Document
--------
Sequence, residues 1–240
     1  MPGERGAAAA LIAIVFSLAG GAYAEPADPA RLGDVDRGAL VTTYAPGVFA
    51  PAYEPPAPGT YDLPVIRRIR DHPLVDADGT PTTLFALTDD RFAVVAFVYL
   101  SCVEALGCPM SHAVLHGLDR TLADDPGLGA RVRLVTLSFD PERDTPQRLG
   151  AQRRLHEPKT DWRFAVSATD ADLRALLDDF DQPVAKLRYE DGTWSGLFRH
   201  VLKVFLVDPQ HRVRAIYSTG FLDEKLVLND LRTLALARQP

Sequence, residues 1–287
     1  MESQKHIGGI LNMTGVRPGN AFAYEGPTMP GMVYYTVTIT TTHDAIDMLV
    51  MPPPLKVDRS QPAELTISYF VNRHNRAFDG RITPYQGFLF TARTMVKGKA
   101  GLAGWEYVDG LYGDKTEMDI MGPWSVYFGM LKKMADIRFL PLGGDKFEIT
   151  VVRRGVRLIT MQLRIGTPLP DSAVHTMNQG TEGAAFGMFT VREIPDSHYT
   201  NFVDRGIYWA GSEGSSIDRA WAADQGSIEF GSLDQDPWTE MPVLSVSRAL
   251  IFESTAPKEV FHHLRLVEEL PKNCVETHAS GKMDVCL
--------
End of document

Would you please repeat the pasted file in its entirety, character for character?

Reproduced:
Sequence, residues 1–240
     1  MPGERGAAAA LIAIVFSLAG GAYAEPADPA RLGDVDRGAL VTTYAPGVFA
    51  PAYEPPAPGT YDLPVIRRIR DHPLVDADGT PTTLFALTDD RFAVVAFVYL
   101  SCVEALGCPM SHAVLHGLDR TLADDPGLGA RVRLVTLSFD PERDTPQRLG
   151  AQRRLHEPKT DWRFAVSATD ADLRALLDDF DQPVAKLRYE DGTWSGLFRH
   201  VLKVFLVDPQ HRVRAIYSTG FLDEKLVLND LRTLALARQP

Sequence, residues 1–287
     1  MESQKHIGGI LNMTGVRPGN AFAYEGPTMP GMVYYTVTIT TTHDAIDMLV
    51  MPPPLKVDRS QPAELTISYF VNRHNRAFDG RITPYQGFLF TARTMVKGKA
   101  GLAGWEYVDG LYGDKTEMDI MGPWSVYFGM LKKMADIRFL PLGGDKFEIT
   151  VVRRGVRLIT MQLRIGTPLP DSAVHTMNQG TEGAAFGMFT VREIPDSHYT
   201  NFVDRGIYWA GSEGSSIDRA WAADQGSIEF GSLDQDPWTE MPVLSVSRAL
   251  IFESTAPKEV FHHLRLVEEL PKNCVETHAS GKMDVCL